from the Microsoft-being-Microsoft dept
Not too surprisingly (this is Microsoft we're talking about) the OS opts users in to all manner of information sharing from the start, and there's some indication the OS doesn't really heed its own opt-out settings for many of these "services":
"Unfortunately for privacy advocates, these controls don't appear to be sufficient to completely prevent the operating system from going online and communicating with Microsoft's servers. For example, even with Cortana and searching the Web from the Start menu disabled, opening Start and typing will send a request to www.bing.com to request a file called threshold.appcache which appears to contain some Cortana information, even though Cortana is disabled. The request for this file appears to contain a random machine ID that persists across reboots.While much of this phoning home appears to be innocuous, it's obviously annoying to users who expect an OS that operates quietly and securely on the network. Other ingrained features of the OS may or may not be more troublesome, depending on how seriously you'd like to take the Microsoft's fine print. One provision in particular appears to have caught the eye of numerous news outlets: namely that Microsoft has the ability and reserves the right to disable first-party (aka Microsoft) titles should they be found to be pirated. The TOS also notes that Microsoft reserves the right to block "unauthorized hardware":
"We may automatically check your version of the software and download software updates or configuration changes, including those that prevent you from accessing the Services, playing counterfeit games, or using unauthorized hardware peripheral devices. You may also be required to update the software to continue using the Services."Comforting! It's possible Microsoft will never utilize this particular portion of its TOS, but its inclusion is understandably troubling all the same, and with the capability embedded, it's hard to think our friends at the MPAA and BSA won't urge Microsoft to include their products. Update: one commenter points out the TOS in question that has everyone in a tizzy refers to Windows services, not necessarily Windows 10. Windows 10 is covered by Microsoft Software License Terms. In short, while Microsoft could declare Windows 10 as a service, it still seems highly unlikely that the company is going to invite the wrath of millions by using Windows 10 as a piracy and device nanny, especially if they want the OS to succeed.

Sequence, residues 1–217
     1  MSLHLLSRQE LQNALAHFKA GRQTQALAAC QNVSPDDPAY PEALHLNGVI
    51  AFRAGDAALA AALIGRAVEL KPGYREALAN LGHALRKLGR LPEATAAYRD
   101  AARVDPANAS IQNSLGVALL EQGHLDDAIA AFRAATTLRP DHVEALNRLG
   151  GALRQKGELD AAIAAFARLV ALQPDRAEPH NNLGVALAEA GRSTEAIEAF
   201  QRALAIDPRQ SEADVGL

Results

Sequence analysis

If you're looking for some additional bright side, Windows 10 at least blocks some of the more obnoxious, invasive flavors of DRM that have made the rounds over the last few years, including SecureROM and SafeDisc. Unfortunately, that means titles that used this DRM simply won't work on the new OS without a patch.
Either way, worries about Windows 10's spying and reporting habits appear to have freaked out a few BitTorrent trackers. One tracker by the name of iTS has decided to block all Windows 10 users entirely, redirecting them to this YouTube video explaining the perceived dangers of the new OS. In a post over at Reddit, tracker admins explain why they're not particularly welcoming of Windows 10 users: